Of course, almost everyone says their home town is the best ever. Why do you think that is? I think the answer to that is the same as the answer to your question.

But let’s get a bit deeper into the assumptions behind your question. What’s your logical link from “Earth is beautiful” to “therefore a supreme being”? In other words, what makes something a good explanation?

If I were to say that something is a chair, there are qualities that chairs have in common that define them as chairs instead of beanbags: Chairs have four legs, a back support part, a part to sit on, etc. There should be some similar consistent criteria for what constitutes a good explanation, and why you think this creates the necessary link between “Beautiful Earth” and “Supreme Creator”.

If you get home late and your boyfriend/girlfriend asks why you’re late, what would be a good explanation? Why is “I got stuck in traffic” better than “I was kidnapped by aliens”? We know the former is more believable, but why?

Well, you might say something like “traffic causes people to be late more than getting kidnapped by aliens does”. And that would be correct. But I argue that this isn’t enough to separate good explanations from bad explanations, and it isn’t enough to explain why your link from “Beautiful Earth” to “Supreme Being” is a strong or weak link.

Since this isn’t a dialog, I’ll have to just explain another quality of a good explanation: Good explanations are specialized. Meaning, they explain what they intend to explain and that’s it. An explanation that can be used to explain some situation, but then can also be used to explain its polar opposite, isn’t a good explanation.

So, if instead of getting home late, you got home early, and your boyfriend/girlfriend asks why you’re early, then saying “because I got stuck in traffic” doesn’t make sense. The stuck-in-traffic explanation is specialized for only making people late. But “I got kidnapped by aliens” works just as well for making someone late as it does for making someone early. Once you invoke aliens, then anything is possible.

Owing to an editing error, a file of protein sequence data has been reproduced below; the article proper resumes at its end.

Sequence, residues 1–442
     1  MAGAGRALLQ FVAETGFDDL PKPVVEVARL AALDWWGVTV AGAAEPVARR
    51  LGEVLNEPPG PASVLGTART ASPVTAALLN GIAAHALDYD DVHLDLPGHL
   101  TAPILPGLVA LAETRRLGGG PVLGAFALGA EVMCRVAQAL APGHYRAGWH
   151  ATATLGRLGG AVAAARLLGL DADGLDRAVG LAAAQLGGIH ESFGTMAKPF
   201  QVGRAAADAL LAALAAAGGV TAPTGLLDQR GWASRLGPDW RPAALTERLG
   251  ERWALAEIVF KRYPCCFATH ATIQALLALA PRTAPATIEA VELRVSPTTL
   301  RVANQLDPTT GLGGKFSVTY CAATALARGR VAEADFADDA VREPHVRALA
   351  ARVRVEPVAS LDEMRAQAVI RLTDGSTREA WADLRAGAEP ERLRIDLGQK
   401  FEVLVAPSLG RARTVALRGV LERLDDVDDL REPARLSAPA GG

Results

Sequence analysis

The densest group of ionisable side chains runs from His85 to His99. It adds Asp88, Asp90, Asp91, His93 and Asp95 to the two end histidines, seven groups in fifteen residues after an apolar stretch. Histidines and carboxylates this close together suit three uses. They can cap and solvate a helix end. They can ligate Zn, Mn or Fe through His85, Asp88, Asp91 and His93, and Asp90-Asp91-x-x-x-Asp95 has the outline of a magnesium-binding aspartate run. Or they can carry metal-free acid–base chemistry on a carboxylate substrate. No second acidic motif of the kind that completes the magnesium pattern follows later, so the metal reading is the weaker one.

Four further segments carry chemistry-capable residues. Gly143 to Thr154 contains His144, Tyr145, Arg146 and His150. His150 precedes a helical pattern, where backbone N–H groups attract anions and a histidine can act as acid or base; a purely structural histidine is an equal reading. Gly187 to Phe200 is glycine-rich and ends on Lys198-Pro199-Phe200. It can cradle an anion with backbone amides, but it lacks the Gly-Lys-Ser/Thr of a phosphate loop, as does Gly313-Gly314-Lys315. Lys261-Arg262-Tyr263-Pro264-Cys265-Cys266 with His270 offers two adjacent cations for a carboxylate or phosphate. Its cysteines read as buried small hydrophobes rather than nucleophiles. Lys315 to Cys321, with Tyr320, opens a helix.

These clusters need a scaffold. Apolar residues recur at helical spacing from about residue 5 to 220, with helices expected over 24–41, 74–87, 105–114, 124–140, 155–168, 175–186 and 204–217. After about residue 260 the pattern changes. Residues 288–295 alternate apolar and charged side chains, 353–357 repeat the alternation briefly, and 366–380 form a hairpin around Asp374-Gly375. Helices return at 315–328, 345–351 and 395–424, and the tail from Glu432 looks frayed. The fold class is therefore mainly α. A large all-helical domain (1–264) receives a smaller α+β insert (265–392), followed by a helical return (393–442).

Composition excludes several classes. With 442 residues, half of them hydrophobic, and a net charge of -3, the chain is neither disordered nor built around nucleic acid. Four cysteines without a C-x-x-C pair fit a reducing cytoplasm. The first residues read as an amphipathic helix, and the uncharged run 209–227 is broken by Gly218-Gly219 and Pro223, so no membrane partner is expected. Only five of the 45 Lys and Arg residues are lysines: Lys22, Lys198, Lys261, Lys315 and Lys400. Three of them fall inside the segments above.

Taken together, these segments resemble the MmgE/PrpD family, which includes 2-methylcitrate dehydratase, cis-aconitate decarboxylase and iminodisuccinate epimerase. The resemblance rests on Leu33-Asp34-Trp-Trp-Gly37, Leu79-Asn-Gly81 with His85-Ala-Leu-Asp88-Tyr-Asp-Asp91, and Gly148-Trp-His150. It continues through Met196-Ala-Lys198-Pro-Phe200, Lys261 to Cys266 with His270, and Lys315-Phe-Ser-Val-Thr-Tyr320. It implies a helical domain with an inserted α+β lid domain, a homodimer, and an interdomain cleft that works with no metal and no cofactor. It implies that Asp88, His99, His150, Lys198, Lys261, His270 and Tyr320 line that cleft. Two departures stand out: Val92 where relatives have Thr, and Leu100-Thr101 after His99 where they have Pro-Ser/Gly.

Let me repeat that last sentence more generally: Once you invoke [bad explanation], anything is possible.

This is a real important concept to grasp. Bad explanations, because they’re not specialized, allow for any possible outcome. And the more possibilities your explanation allows, the less likely it is that your explanation is responsible for a specific problem. There’s only one explanation that can allow for any possible outcome: Pure randomness.

Both qualities of good explanations I’ve enumerated here — a good explanation is more commonplace (e.g., “traffic causes people to be late more than getting kidnapped by aliens does”) and more specialized — follow directly from probability theory. So they’re not things I’ve just made up.

So back to the question at hand: How do you explain the mysterious beauty of this planet without referring to a supreme being? Why do you think a supreme being is a good explanation? Are supreme beings commonplace? Are supreme beings only responsible for beauty, or is anything possible for a supreme being?

I think we know the answers to those questions.

Comments Off on How do you explain the mysterious beauty of this planet without referring to a supreme being?

Posted by on May 14, 2018 in Bayes, Quora answers, religion

Can Islam be modified to be more compatible with the modern world?

Let’s take a trip. Let’s say around 2,000 years ago.

The Roman Empire rules the known (Western) world. Its military superiority in the West is without equal. As the Borg would say, “Resistance is futile”.